On our recent holiday in France, the kids and hubby caught cold. No big deal, but I wanted to give them some cough syrup, the only medication I hadn't packed.
So I scratched my French together, went into the pharmacy and asked for something against a dry cough.
Well, since Mr. was parking in the second row, and my French is about as fluent as the Dead Sea, I just took the bag, paid the bill and left.
Back at our caravan I inspected the bottle. Yes, my French had worked. It said it was a remedy against dry coughs on the bottle.
On closer inspection it also told me it was a homeopathic bottle of sugar-water and if the symptoms hadn't become better within 5 days, I should see a doctor.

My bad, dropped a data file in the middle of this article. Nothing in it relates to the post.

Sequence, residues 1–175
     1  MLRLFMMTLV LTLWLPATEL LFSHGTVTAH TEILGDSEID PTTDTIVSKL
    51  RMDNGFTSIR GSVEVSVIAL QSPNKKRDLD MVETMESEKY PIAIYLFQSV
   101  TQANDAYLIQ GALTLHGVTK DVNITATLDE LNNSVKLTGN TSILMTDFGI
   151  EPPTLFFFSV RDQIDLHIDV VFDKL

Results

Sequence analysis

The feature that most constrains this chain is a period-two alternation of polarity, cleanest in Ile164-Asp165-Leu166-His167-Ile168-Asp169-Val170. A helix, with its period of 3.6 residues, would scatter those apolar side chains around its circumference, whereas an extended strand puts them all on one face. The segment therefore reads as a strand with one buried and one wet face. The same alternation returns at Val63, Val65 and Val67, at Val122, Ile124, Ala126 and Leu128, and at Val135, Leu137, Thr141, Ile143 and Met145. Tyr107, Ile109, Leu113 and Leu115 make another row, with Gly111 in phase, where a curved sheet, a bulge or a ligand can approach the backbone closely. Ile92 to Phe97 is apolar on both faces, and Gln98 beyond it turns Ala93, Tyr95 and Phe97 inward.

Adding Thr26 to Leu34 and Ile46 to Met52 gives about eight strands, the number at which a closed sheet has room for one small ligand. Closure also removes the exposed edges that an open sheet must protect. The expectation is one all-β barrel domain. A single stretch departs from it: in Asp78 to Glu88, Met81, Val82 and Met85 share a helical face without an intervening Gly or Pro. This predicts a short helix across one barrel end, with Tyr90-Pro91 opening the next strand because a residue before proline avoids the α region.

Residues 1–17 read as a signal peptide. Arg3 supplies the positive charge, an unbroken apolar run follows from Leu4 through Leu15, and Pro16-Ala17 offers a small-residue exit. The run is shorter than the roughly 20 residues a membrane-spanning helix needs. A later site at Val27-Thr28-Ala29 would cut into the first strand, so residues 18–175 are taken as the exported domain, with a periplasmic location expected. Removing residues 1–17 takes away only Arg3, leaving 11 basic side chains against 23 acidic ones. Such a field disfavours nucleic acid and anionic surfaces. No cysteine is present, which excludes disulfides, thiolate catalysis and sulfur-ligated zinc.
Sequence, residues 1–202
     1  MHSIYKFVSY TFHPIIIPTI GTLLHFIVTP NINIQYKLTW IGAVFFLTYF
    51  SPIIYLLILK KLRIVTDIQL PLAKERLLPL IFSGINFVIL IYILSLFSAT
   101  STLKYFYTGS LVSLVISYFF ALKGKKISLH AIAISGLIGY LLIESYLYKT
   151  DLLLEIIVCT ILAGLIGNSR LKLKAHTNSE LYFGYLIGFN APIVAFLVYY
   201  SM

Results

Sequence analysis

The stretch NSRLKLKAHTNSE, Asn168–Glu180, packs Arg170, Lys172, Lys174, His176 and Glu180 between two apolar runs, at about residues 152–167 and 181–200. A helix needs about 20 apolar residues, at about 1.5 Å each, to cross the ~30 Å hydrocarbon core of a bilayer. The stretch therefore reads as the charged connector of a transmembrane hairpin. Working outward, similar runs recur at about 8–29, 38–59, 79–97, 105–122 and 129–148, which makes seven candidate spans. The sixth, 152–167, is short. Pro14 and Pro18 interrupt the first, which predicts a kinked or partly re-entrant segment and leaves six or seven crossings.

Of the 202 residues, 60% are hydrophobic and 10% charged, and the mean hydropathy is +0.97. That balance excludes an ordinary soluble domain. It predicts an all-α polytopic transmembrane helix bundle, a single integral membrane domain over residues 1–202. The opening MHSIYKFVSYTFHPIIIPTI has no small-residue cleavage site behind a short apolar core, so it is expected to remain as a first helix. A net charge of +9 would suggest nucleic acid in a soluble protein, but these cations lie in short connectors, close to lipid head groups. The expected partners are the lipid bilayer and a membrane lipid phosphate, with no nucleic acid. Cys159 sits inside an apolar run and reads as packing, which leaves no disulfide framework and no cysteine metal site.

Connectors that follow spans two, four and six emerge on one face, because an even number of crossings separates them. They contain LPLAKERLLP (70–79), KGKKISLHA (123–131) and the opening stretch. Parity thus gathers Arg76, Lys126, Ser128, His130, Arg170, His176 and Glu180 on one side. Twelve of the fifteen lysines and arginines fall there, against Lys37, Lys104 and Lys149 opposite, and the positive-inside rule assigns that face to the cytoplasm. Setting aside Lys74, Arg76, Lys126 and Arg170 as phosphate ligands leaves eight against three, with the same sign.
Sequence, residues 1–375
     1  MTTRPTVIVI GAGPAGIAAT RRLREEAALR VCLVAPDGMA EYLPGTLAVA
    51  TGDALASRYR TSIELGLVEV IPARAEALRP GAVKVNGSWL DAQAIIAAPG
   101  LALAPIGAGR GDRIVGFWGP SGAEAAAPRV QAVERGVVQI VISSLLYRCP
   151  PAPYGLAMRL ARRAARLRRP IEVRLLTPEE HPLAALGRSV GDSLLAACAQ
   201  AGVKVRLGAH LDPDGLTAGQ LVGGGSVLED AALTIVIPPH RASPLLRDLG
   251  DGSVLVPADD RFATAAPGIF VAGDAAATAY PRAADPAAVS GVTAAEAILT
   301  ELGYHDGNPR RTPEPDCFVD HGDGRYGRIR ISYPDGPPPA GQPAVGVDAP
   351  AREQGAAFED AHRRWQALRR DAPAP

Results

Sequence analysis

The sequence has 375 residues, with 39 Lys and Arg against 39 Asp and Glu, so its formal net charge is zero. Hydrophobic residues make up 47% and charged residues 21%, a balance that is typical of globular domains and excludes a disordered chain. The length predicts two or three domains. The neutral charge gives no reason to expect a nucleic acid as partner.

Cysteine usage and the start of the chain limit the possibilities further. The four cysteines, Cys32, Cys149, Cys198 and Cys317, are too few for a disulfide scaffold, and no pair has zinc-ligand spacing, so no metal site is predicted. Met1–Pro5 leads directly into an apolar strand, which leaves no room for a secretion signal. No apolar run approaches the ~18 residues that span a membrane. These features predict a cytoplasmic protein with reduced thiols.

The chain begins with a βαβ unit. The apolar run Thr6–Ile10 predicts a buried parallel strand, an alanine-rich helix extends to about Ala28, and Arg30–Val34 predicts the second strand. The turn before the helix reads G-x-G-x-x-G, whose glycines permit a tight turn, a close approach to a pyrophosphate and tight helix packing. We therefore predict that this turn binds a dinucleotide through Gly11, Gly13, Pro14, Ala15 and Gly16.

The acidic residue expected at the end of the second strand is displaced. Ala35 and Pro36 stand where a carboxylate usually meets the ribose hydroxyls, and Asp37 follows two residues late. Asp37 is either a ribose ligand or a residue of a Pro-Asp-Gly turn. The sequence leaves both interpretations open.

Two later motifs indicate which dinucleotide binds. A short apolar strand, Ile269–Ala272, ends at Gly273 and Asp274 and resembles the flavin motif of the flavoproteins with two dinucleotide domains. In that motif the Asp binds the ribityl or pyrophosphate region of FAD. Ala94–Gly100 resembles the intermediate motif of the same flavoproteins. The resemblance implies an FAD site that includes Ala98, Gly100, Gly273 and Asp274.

Well, what should I say? After only two days, the cough really had become better.
All through the magic powers of a closed bottle in the cupboard (don't ask me why I transported it another 1.000 km to throw it away back at home).
If I were any suceptible to woo, I would now be completely convinced of the wonderful power of homeopathy. I would probably drive the 50 km to cross the border just to buy that very cough syrup.
Bad luck for them...
What really annoys me is that in the European Union, any so called "functionyl food" has to provide studies before they're allowed to market their stuff as "beneficial for your cholesterol digestion whatever" . So why are they allowed to put the label cough remedy on a bottle of sugarwater?